Why the 'C' in iPhone 5C Stands for 'China'

Wednesday Sep 4th 2013 by Mike Elgan
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And the “S” in iPhone 5S stands for “Sino.” Here’s how Apple is changing your iPhone to fix its broken China strategy.

Apple will almost certainly announce Tuesday two new phone lines, the iPhone 5C and 5S lines.

But the real event happens Wednesday, when Apple will announce the same phones in China (September 11 at Beijing's World Trade Center, of all dates and places).

This is the first such launch event for Apple in China. Why the big, splashy China launch? Why now?

For global handset makers, to succeed or fail in China is to succeed or fail worldwide. One-third of all smartphone sales are now made to Chinese consumers, an $80 billion market.

For comparison, Americans bought about 33 million smartphones in the second quarter of 2013. Chinese consumers bought roughly 88 million. By that reckoning, the Chinese market is more than twice as important for Apple as the US market.

Apple is failing in China. The company has dropped below 5% market share of the Chinese smartphone market, merely the 7th largest company in the market. (Compare that to Samsung’s 19% share.)

I believe Apple will roll out a 3-point marketing strategy in order to succeed in China. And two of them will affect iPhones for every customer in the world, including you if you’re an iPhone user.

Here’s Apple’s 3-point marketing strategy to fix its China problem:

1. Color

Apple is transforming its entire approach to color with its new iPhone lines and I believe the reason is to help the company succeed in China.

Credible rumors say the iPhone 5S line will come in gold, grey (or metal) and black. The iPhone 5C line will come in pink, blue, green, yellow and white. And not just any colors, but ultra bright, Easter-egg colors.

Colors are strongly associated with different things in different cultures. For example, in the United States black is associated with elegance and power and white with purity. These are good associations and why iPhones have always been black or white.

One of Apple’s struggles in China is that its color schemes don’t play well there.

Apple’s conundrum is that, unlike Samsung, it tries to minimize variation in its approach to aesthetics. While Samsung sells some phones exclusively to specific markets, including the Chinese market, Apple doesn’t do that. So changes that pander to Chinese sensibilities will affect all Apple products.

While Apple can, and will, offer a range of case colors, from black and white for the Western Markets, primarily, to brightly colored for the Chinese and Eastern markets, mostly, the operating system color sensibility must be one or the other.

So which is it?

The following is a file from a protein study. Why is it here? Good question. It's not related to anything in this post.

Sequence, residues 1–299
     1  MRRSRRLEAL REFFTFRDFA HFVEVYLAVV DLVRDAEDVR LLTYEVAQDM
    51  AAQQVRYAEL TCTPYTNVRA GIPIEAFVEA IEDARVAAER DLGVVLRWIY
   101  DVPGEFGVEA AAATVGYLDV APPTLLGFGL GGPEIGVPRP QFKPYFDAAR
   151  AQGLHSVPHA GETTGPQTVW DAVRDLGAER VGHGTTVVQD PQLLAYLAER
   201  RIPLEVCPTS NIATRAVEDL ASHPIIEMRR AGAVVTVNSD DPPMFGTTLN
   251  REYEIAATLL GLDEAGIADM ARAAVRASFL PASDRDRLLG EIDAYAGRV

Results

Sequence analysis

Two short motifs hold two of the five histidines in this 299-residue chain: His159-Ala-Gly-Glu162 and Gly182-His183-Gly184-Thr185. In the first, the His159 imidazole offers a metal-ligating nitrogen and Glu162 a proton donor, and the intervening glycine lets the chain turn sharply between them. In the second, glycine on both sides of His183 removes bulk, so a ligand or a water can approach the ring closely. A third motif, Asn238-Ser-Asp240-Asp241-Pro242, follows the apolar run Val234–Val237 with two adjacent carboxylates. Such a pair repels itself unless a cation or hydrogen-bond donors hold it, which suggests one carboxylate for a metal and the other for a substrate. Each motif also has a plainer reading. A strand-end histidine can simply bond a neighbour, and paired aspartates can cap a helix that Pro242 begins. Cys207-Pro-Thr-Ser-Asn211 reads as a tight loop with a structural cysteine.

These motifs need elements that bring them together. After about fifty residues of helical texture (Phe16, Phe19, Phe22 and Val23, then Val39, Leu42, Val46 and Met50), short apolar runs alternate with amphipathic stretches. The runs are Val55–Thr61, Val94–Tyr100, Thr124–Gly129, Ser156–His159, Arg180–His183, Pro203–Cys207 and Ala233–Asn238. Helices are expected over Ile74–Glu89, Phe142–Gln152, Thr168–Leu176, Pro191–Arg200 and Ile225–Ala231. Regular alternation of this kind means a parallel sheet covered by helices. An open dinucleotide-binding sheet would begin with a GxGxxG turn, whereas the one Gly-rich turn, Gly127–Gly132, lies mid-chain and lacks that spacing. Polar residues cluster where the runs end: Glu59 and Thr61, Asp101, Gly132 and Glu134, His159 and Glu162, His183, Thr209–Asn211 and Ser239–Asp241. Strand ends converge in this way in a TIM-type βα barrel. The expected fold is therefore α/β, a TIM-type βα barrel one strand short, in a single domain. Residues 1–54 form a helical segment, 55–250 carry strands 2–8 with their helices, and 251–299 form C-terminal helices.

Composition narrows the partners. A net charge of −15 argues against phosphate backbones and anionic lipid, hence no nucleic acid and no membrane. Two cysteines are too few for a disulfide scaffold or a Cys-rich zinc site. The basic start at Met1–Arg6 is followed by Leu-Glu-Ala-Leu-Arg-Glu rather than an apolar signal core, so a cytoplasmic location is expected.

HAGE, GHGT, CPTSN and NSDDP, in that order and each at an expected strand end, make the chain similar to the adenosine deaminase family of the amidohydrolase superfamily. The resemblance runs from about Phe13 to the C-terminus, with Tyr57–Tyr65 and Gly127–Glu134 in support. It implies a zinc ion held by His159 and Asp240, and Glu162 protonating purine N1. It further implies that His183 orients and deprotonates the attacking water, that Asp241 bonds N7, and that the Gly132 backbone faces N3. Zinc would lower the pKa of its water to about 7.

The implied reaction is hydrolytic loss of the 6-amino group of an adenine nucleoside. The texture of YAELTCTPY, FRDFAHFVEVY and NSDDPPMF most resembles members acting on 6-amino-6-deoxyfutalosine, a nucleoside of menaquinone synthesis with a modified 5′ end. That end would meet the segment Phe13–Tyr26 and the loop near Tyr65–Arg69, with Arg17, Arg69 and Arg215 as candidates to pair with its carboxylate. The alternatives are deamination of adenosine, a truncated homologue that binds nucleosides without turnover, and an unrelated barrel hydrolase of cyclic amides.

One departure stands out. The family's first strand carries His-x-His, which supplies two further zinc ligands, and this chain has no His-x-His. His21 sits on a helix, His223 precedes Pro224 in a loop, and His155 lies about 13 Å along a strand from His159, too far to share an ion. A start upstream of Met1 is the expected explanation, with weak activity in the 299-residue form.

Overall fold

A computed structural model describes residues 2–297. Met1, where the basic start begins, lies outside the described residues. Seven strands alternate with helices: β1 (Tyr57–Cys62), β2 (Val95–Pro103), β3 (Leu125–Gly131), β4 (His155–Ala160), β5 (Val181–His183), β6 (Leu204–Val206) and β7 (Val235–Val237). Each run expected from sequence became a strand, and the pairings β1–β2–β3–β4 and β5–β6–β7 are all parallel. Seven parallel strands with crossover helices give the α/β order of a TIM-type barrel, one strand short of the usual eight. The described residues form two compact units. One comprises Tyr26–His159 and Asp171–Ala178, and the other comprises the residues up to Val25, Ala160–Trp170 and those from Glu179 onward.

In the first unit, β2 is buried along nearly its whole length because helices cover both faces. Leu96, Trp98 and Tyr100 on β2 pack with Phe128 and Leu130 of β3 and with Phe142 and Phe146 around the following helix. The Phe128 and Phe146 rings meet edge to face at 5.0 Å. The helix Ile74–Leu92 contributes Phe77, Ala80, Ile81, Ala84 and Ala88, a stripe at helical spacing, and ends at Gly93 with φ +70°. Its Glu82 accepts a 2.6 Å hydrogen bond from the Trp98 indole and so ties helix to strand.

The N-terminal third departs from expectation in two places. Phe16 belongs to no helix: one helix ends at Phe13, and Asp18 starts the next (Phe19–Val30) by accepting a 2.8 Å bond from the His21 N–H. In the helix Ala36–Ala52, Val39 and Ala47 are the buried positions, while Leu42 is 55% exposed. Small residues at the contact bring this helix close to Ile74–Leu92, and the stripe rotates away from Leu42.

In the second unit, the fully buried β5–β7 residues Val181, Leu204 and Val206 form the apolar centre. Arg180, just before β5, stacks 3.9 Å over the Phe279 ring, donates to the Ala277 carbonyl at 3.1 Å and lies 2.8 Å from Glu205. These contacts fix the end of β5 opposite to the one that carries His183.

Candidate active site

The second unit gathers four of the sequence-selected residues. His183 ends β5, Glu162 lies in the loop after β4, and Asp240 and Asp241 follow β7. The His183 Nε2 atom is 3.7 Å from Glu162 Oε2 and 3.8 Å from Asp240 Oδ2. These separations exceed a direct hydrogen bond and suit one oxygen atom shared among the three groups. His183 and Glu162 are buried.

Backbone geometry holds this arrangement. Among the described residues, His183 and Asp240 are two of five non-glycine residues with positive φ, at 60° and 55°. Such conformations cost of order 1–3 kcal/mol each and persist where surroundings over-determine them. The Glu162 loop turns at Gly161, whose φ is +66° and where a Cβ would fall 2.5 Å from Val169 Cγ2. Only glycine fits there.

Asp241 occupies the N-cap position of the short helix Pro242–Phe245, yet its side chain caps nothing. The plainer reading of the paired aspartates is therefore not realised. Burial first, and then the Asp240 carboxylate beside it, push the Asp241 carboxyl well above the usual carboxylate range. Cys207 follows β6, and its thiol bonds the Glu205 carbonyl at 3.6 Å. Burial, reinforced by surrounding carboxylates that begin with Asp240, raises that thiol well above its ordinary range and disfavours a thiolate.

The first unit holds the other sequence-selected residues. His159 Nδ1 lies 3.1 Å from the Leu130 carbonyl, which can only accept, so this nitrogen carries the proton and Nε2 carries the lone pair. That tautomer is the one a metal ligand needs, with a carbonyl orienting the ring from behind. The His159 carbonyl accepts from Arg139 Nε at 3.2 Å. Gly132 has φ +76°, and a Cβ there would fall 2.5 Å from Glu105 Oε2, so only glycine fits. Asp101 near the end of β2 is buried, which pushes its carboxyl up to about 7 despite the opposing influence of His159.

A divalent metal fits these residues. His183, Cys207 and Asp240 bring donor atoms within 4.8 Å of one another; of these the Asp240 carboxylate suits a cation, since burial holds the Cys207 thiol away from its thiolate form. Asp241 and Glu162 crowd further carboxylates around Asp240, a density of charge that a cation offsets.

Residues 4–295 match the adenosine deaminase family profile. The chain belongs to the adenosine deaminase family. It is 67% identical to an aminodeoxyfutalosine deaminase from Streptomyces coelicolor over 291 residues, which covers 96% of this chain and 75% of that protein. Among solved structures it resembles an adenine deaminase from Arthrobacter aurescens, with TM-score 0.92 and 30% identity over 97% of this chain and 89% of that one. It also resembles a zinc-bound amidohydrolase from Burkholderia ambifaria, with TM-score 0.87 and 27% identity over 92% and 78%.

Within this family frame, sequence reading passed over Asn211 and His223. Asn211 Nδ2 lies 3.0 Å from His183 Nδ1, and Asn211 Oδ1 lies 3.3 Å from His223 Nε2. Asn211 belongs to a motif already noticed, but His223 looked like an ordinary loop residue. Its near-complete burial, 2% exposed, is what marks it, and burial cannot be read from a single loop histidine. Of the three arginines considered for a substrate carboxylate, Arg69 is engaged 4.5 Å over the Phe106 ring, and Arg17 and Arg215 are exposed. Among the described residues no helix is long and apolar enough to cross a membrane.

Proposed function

Apple has chosen the Eastern scheme over the Western one with bright, pastel colors. Why? Because China is the more important market right now.

Beyond just dark and light, however, is the deeply ingrained symbolism of color.

A joint study by Cheskin, MSI-ITM and the CMCD Visual Symbols Library looked at preferred colors worldwide to see cultural and national differences in colors.

The survey highlighted the problem with Apple’s old handset-color strategy of offering only black or white.

From the report: “China is out of step with the rest of Asia and the world in that it rates white low in association with fresh and prestige. Like Koreans, the Chinese find white to be sad.”

Also: White is associated with death and funerals in Chinese culture and black and other dark colors are associated with misery and unhappiness.

Apple’s old color scheme offered only sadness and misery to the Chinese public, a losing strategy.

The study found that all nations including China have one color preference in common: Every nation loves the color blue. It’s the most popular color among colors offered in the study in most countries, including in China where 37% of survey respondents say blue is their “favorite color.”

The survey also found that blue is associated in China primarily with power, unlike in English-speaking countries and Japan, where it’s rarely associated with power and often associated with sadness.

Purple is associated with status and prestige just about everywhere in the world except in China, according to the report. For example, roughly half of survey respondents in English-speaking countries, Japan and Korea associate purple with prestige, while only 12% of Chinese respondents made that association.

That’s why I believe the iPhone 5C will come in blue but not purple. One symbolizes power with Chinese consumers and the other doesn’t.

The iPhone 5C will also come in green, a color associated worldwide with environmentalism and nature, and nowhere more so than in China, where 98% make that association.